There is not a lot of video publicly available on Vlasic. However, there is one excellent clip uploaded by Michael Farkas. It is a video of all of Vlasic’s and Minnesota’s Ben Brinkman, another 2019 draft eligible defensean, shifts in the first period in a game between the U.S. U-18 team and the University of Minnesota. I really like these videos more than highlights because it shows what the player does in more common situations. Vlasic is wearing #7 and is clearly one of the bigger players on the ice. Being 6’6” is hard to miss.
In the clip, here is what I noticed:
- Vlasic does not appear to expend a lot of energy in skating. He is not fast. There is little explosiveness in his first glide. But he is at least able to get to where he needs to go.
- Vlasic can be quick in his actions. For example, look at 2:12 to 2:19. hen a turnover yields a difficult bounce, Vlasic was able to make the play quickly to prevent a fluke goal against.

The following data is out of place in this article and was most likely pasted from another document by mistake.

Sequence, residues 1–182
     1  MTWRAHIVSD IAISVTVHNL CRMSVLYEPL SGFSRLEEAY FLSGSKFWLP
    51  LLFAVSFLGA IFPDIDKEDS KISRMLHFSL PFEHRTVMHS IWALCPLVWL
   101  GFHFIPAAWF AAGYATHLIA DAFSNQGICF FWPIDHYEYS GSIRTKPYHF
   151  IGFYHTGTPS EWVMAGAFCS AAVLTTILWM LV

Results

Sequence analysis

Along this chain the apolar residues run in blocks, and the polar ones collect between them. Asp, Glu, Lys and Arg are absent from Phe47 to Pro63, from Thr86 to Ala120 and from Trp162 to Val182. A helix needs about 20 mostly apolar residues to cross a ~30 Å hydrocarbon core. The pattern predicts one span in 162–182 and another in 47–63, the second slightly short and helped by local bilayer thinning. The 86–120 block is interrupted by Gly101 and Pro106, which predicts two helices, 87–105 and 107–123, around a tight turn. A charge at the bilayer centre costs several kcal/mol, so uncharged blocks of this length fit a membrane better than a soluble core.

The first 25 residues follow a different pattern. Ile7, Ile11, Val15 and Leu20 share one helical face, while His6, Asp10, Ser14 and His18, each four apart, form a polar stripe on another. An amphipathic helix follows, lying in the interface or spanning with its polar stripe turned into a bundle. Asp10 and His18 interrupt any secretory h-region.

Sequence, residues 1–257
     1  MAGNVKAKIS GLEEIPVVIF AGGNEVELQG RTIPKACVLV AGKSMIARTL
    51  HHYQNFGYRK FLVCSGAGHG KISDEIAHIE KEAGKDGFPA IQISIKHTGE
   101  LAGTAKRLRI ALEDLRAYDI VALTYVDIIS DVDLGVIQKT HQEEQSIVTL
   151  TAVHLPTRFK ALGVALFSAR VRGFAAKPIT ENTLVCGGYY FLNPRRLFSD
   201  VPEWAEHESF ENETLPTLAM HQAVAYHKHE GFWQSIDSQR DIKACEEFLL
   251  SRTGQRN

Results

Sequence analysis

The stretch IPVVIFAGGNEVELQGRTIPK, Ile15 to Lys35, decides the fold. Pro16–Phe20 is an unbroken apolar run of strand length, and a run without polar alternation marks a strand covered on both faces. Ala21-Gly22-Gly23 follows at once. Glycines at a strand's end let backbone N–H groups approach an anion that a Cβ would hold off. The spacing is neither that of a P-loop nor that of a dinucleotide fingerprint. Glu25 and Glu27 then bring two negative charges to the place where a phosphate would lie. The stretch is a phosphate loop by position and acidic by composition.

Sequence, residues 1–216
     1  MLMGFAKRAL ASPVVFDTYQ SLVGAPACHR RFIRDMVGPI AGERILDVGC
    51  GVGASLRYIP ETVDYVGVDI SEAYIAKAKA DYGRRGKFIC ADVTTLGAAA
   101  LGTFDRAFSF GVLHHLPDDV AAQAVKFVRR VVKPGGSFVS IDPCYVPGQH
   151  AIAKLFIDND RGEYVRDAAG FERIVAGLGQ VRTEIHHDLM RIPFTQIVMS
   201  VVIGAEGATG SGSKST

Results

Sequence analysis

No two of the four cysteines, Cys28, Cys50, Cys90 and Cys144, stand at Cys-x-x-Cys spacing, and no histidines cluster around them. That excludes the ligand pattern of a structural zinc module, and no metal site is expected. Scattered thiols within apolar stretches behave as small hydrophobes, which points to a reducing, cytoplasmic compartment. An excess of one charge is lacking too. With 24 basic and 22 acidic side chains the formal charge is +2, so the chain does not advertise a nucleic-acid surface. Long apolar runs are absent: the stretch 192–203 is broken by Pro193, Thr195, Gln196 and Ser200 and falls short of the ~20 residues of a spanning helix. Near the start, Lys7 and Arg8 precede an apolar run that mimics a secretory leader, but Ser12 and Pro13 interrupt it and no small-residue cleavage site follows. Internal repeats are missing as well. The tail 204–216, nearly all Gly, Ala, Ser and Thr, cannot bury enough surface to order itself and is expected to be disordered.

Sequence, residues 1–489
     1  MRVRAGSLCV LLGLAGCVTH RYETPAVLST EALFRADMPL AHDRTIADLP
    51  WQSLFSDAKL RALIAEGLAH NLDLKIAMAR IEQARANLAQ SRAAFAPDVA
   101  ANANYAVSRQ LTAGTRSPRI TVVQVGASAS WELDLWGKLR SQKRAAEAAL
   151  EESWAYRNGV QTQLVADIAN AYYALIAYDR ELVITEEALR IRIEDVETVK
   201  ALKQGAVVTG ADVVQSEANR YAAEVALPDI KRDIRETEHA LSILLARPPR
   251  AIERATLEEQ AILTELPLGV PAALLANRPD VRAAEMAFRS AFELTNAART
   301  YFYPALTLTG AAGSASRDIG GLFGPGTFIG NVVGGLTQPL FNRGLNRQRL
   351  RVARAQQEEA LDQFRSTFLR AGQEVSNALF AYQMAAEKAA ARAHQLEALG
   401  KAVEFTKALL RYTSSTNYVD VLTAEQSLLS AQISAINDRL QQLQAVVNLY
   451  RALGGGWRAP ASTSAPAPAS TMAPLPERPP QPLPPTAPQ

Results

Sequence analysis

- Vlasic did not really need to use his size for much physical play. There were a few board battles (such as the end of the clip at 6:12) but if you were looking for checks or initiating physical contact, then it was not in this one period of play against Minnesota.
- Vlasic does use his size when it comes to his stick. He was nearly beaten one-on-one at about 6:03 in the clip. But he was able legally impede the forward, get the puck away, and diffuse the situation despite Minnesota’s #9 getting in front of him.
- Vlasic appears comfortable on the puck. He struggled a bit with some of the passes, but he had the confidence to keep making zone exits through passing the puck. He did not defer to his partner when he received the puck unless he had no choice.
While that is a video of Vlasic in the run of play, he did have a few highlights. At 0:42 of this highlight package where the U-18 team beat Dubuque 7-4 in USHL play back in November, you can see Vlasic in the right circle convert a power play with a one-timer. While this is a bit old, here is Vlasic going from his own end to the other (!) on a penalty kill for a series winning goal in OT (!!) for the USNTDP in the 2018 Clark Cup Eastern Conference Final. I don’t think either clip shows a lot about Vlasic, but they are good highlights for what they are.
An Opinion of Sorts